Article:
Editorial Board   Guest Author

Mr. Trefzer

Tim Trefzer

Head of Environmental Sustainability, Georgia World Congress Center Authority

Tim Trefzer is head of environmental sustainability and corporate social responsibility for the Georgia World Congress Center Authority. He oversees efforts to improve internal operations, reduce the impacts of hosted events, and advance the Authority's benefit to the community through strategic partnerships. 

As a LEED Accredited Professional, Mr. Trefzer administered the GWCC's LEED Silver certification in 2014 and LEED Gold recertification in 2017 which made it the largest LEED certified convention center in the world. In 2017 he also guided the Savannah International Trade and Convention Center to LEED Gold certification. Mr. Trefzer also supported the LEED Platinum certification efforts of Mercedes-Benz Stadium.

He is intimately engrained in sports and sustainability, working with the Atlanta Football Host Committee for the College Football Playoff and Super Bowl. He chaired the NCAA Men's Final Four sustainability committee in 2013, garnering the moniker “greenest Final Four in history.” Since 2015, Mr. Trefzer has consulted with the College Football Playoff and Super Bowl, managing various aspects of the sustainability efforts placed around these mega sporting events. For the 2018 College Football Playoff National Championship and Super Bowl LIII in Atlanta, Mr. Trefzer  is sustainability chair for the Atlanta Football Host Committee and Atlanta Super Bowl LIII Host Committee. 

Mr. Trefzer serves as faculty associate for Arizona State University and Georgia State University where he teaches courses in the Global Context of Sustainability and Sustainable Operations in Hospitality. He has degrees from Florida State University and Arizona State University.

Please visit http://www.gwcca.org for more information.

Mr. Trefzer can be contacted at 404-223-4011 or ttrefzer@gwcca.org

Coming up in December 2020...

Hotel Law: Protecting Guest Privacy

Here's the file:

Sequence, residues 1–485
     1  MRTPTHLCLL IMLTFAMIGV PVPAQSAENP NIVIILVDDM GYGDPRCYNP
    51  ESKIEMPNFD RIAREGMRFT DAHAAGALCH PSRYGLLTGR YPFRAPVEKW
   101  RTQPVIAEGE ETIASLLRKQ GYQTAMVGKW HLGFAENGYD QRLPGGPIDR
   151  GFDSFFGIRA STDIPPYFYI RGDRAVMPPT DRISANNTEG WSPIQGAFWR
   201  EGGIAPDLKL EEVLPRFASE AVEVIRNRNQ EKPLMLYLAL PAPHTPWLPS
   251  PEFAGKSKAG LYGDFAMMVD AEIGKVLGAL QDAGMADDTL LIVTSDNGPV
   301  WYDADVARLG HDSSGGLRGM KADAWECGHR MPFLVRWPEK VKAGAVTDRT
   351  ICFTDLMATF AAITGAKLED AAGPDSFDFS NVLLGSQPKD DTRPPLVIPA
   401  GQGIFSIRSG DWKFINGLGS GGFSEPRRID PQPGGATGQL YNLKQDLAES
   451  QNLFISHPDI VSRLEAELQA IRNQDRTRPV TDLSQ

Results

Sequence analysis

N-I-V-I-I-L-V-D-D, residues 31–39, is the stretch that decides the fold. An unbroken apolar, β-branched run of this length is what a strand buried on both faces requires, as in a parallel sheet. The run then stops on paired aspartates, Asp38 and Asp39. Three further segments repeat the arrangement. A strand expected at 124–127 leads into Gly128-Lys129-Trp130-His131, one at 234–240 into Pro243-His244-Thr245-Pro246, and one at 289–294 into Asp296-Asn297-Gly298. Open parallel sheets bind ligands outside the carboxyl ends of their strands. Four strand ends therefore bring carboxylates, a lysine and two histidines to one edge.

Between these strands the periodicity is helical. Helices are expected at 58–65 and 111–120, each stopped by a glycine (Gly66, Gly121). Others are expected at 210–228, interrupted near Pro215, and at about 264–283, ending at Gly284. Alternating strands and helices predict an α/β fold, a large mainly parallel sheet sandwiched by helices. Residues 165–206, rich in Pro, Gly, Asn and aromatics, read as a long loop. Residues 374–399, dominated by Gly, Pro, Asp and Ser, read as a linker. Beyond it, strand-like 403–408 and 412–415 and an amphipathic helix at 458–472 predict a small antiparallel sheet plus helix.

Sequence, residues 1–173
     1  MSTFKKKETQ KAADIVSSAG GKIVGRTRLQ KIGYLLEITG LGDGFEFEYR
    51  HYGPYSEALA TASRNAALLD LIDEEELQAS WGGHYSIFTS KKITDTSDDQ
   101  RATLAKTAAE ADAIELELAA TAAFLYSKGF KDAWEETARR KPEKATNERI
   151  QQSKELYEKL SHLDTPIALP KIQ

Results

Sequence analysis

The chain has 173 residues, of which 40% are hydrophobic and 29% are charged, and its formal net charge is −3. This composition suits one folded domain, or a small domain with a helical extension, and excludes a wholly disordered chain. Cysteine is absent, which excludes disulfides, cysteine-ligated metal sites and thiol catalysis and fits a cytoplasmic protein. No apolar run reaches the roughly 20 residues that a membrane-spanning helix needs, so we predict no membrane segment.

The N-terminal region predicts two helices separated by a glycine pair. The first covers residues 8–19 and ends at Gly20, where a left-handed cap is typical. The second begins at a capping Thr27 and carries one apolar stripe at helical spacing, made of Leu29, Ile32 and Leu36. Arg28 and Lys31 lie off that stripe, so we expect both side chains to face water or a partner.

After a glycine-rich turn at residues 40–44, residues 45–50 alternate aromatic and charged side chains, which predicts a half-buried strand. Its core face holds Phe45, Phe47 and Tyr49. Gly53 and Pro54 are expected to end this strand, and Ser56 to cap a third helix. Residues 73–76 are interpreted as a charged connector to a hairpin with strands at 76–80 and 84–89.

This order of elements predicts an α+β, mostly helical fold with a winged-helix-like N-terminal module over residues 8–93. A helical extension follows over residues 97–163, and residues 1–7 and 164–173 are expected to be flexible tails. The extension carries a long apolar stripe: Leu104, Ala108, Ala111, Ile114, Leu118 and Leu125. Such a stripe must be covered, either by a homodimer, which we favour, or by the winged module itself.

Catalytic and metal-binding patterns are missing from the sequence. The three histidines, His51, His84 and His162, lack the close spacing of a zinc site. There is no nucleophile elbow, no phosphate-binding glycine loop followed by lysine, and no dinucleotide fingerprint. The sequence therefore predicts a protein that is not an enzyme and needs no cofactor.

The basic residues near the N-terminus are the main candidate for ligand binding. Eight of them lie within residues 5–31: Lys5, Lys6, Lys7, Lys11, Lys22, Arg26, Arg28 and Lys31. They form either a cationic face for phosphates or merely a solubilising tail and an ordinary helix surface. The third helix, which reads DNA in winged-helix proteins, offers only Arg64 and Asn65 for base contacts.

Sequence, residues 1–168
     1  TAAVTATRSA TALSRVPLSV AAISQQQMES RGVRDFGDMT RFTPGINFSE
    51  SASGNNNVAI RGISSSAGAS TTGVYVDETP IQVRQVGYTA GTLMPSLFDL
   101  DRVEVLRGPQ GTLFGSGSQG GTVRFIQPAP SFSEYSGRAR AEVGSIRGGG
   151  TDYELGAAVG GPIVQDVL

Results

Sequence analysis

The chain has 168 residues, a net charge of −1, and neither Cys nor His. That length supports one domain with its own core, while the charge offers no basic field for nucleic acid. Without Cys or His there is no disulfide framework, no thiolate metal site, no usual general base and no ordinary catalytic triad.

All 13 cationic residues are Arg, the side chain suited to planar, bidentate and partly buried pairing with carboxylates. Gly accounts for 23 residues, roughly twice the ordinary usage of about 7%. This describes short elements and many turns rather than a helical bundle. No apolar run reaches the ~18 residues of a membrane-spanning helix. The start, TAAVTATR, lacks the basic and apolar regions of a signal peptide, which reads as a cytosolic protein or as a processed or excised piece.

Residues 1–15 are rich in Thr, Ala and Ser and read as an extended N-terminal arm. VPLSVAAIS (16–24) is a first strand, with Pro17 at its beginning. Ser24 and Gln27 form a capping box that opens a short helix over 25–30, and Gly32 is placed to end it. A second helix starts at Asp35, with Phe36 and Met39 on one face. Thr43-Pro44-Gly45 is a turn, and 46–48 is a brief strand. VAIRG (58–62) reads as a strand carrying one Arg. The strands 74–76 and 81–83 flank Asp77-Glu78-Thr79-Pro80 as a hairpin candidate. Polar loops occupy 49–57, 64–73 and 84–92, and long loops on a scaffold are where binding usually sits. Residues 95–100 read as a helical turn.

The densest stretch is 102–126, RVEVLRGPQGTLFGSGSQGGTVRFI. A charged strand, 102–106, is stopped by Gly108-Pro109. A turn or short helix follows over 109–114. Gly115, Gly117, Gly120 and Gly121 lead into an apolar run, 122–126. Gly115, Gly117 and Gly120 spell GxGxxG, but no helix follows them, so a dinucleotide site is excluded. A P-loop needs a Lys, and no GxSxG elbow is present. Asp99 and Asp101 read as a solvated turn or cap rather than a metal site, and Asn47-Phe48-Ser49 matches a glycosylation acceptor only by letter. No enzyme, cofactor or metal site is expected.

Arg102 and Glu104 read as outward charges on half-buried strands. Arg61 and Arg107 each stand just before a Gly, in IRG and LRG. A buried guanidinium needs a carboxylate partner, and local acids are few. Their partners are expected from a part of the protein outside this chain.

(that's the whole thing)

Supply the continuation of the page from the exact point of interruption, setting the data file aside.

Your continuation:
Every business is obligated to protect their customers from identity theft but unfortunately, data breaches have become all too common. In an effort to protect a guest's right to privacy and to safeguard their personal data, the European Union passed a General Data Protection Regulation (GDPR) that could hold hotels legally liable for any breaches that expose a customer's sensitive personal information. Though the GDPR only pertains to EU citizens' data, any international business that mishandles their data can be legally responsible. Another legal issue of concern is the fight involving hotel "resort fees." Several states attorney generals have recently filed suit against two major hotel chains in an effort to litigate this practice. Their suit alleges that these companies are "engaged in deceptive and misleading pricing practices and their failure to disclose fees is in violation of consumer protection laws." The suit seeks to force the hotel chains to advertise the true price of their hotel rooms. There are several other legal issues that the industry is being forced to address. Sexual harassment prevention in the workplace is still top of mind for hotel employers-particularly in New York and California, which now statutorily require harassment training. Hotels and motels in California will also soon be required to train all their employees on human trafficking awareness. Immigration issues are also of major concern to hotel employers, especially in the midst of a severe labor shortage. The government is issuing fewer H2B visas for low-skilled workers, as well as J-1 visas for temporary workers. Though there is little hope for any comprehensive immigration reform, hotel lobbying groups are actively seeking legal remedies to alleviate this problem. These are just a few of the critical issues that the December issue of the Hotel Business Review will examine in the area of hotel law.